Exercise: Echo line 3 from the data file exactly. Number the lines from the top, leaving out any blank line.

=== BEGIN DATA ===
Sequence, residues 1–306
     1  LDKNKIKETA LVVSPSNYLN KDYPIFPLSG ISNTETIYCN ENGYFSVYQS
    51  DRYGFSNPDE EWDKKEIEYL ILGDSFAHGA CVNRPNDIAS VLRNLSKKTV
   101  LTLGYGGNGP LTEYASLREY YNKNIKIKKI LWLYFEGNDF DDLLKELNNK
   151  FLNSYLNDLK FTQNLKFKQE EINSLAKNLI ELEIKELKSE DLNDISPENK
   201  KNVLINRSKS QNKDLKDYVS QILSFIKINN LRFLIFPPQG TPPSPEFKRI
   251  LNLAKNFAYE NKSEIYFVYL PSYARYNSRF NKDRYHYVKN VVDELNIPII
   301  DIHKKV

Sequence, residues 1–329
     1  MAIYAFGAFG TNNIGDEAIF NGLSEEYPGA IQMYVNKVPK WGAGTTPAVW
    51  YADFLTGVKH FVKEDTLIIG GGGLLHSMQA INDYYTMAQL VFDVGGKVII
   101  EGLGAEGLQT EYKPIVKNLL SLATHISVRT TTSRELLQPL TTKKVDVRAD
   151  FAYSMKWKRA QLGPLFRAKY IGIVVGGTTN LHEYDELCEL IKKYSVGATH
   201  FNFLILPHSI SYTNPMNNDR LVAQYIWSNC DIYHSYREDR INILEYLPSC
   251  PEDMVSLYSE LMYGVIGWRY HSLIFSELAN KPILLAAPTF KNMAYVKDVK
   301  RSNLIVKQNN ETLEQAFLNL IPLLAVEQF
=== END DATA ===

    51  DRYGFSNPDE EWDKKEIEYL ILGDSFAHGA CVNRPNDIAS VLRNLSKKTV